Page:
“For the young people who have worked so hard to not get the results they deserve, through no fault of their own, this announcement alone will be cold comfort,” the party’s education spokesperson Layla Moran said.

“While this should never have been needed, it is right the government has listened to the Liberal Democrats and others and U-turned.

“Ministers must also now ensure that pupils are able to appeal directly, present evidence that reflects their performance and progress, and are provided clear guidance on how re-sits will work.

“Ultimately, after Gavin Williamson’s botched handling of the process thus far, pupils will have no confidence in him to fix the broken glass. Before he causes any more hurt, he must go.”

Those within his own party also voiced concerns, centred around the apparent unfair penalisation of disadvantaged students, calling on the government watchdog to publish details of its algorithm. The Conservative chairman of the Commons Education Committee, earlier expressed concern that Ofqual’s model to moderate A-level results penalised disadvantaged students.

He called on the regulator to publish details of the algorithm it used to make its calculations.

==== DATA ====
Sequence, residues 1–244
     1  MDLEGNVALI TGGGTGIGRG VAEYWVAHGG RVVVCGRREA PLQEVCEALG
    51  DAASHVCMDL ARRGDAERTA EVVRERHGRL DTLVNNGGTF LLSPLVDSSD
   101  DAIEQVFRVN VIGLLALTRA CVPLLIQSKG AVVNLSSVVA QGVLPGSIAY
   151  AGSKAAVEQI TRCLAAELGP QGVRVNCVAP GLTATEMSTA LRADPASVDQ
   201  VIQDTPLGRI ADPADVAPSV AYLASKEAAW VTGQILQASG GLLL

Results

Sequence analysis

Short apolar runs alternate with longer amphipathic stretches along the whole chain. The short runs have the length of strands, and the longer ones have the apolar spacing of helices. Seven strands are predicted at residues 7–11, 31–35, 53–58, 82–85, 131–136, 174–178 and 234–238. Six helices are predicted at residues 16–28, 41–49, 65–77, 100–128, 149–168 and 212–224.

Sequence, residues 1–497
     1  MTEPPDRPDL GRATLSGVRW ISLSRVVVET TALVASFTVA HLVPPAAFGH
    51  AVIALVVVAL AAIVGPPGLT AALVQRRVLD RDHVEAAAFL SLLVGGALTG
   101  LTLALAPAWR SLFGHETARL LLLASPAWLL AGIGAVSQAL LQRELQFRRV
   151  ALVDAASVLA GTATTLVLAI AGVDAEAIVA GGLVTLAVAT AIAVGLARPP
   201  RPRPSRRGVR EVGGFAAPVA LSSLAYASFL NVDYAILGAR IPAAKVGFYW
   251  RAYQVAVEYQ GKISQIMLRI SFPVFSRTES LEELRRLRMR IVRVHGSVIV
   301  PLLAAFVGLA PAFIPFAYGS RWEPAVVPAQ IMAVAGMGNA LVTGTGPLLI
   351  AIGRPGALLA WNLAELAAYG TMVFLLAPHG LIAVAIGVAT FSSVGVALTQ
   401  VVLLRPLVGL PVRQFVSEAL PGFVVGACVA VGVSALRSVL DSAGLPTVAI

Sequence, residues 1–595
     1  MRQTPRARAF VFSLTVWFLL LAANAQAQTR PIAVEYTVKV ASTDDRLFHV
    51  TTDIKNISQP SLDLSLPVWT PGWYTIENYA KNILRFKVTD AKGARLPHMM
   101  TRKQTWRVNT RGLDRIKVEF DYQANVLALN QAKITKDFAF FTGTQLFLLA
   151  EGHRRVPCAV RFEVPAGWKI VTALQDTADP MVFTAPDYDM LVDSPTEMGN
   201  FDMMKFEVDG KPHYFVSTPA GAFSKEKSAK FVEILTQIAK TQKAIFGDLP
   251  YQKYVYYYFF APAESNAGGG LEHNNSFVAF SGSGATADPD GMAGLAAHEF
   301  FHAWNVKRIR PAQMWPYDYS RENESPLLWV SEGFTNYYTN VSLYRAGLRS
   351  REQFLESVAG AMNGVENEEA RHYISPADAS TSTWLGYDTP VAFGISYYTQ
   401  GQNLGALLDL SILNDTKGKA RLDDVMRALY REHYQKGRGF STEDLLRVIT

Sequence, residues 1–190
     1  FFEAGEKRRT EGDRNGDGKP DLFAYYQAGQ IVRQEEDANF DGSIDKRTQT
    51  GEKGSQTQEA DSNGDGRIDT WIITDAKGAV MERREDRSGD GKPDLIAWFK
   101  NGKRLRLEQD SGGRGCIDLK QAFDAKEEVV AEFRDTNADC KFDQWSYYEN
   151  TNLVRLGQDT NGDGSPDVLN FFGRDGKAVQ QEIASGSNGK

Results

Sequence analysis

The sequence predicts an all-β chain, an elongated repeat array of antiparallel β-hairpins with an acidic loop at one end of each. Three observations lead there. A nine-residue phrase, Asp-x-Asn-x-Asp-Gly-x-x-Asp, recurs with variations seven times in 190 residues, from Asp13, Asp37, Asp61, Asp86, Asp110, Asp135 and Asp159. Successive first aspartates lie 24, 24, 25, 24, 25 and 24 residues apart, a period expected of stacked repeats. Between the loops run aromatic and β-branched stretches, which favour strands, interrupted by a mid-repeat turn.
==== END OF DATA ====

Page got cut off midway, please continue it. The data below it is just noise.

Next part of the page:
“I am worried about it because some figures suggest that disadvantaged students have been penalised again,” Tory chair of the Commons education committee Robert Halfon told BBC Radio 4.

“I am also worried about further education colleges, because they have been improving in recent years and yet they seem also to have suffered under this grading system.

“If the model has penalised disadvantaged groups this is very serious and if it has disadvantaged colleges that has to be looked at. Ofqual will have to adjust the grades.”

Defending the need for its algorithm, Ofqual said that a “rare few centres” put in “implausibly high judgments”, which angered some headteachers and unions who viewed it as laying blame at the feet of teachers.

The Department of Education said it nothing to add to Mr Williamson’s announcement at the time of publication.